instructs, we have reached these conclusions by examining the facts of each individual case,
considering the Daubert factors to the extent they fit the facts." Russell v. Whirlpool Corp., 702
F.3 at 457.
I find that the opinions of Anderson, Carbonara, and Churchward are sufficiently reliable
to go to the jury. Each expert bases his or her opinion on accepted methodology. I reject the
contention that Anderson's opinions are based upon a scientific standard that will be rejected in a
future publication. I reject plaintiffs' contention that the defendants' experts' opinions are based
upon speculation about damage to the outlet or Wallflower unit. They noted there was damage to
the wall near the outlet that appeared to have occurred prior to the fire and claimed to have
eliminated any other cause of the fire.
Historically, district courts have reviewed expert testimony to determine whether it is
based upon generally accepted scientific principles or is instead "junk science." The judge's role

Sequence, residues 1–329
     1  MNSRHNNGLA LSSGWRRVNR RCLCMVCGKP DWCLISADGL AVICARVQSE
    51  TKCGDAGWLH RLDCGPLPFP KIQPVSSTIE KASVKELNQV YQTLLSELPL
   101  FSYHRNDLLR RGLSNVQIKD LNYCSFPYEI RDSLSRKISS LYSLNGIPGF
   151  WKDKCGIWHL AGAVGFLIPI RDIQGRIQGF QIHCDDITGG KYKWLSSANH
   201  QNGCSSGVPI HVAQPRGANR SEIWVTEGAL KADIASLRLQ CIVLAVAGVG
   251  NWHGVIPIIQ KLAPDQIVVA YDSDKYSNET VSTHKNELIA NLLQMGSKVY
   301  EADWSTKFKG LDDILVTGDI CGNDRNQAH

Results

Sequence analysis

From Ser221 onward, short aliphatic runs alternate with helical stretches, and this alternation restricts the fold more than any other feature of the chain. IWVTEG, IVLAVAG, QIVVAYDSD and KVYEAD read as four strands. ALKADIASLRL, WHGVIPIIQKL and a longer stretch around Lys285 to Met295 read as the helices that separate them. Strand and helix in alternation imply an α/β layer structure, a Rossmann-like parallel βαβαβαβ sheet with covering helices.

in analyzing Rule 702 and Daubert "is to prevent juries from being swayed by dubious scientific
testimony." Russell v. Whirlpool Corp., 702 F.3d at 456. Accord, In re Zurn Pex Plumbing
Prods. Liab. Litig., 644 F.3d 604, 613 (8th Cir. 20 II) ( "The main purpose of Daubert exclusion
is to prevent juries from being swayed by dubious scientific testimony"). No expert in this case
has employed "dubious" scientific reasoning. That the opinions are subject to attack as being
contrary to other expert's opinions and being inconsistent with other facts are matters for the
jury. "Vigorous cross-examination, presentation of contrary evidence, and careful instruction on
the burden of proof are the traditional and appropriate means of attacking shaky but admissible
evidence." Russell v. Whirlpool Corp., 702 F.3d at 458 (quoting Daubert, 509 U.S. at 596, 113
IT IS ORDERED:
1. Plaintiffs' motion, Doc. 40, to exclude defendants' experts is denied.
2. Third party de~dant's motion, Doc. 46, to exclude an expert is denied.
Dated this $ctrryofMarch, 2014.
BY THE COURT:
CHARLES B. KORNMANN
United States District Judge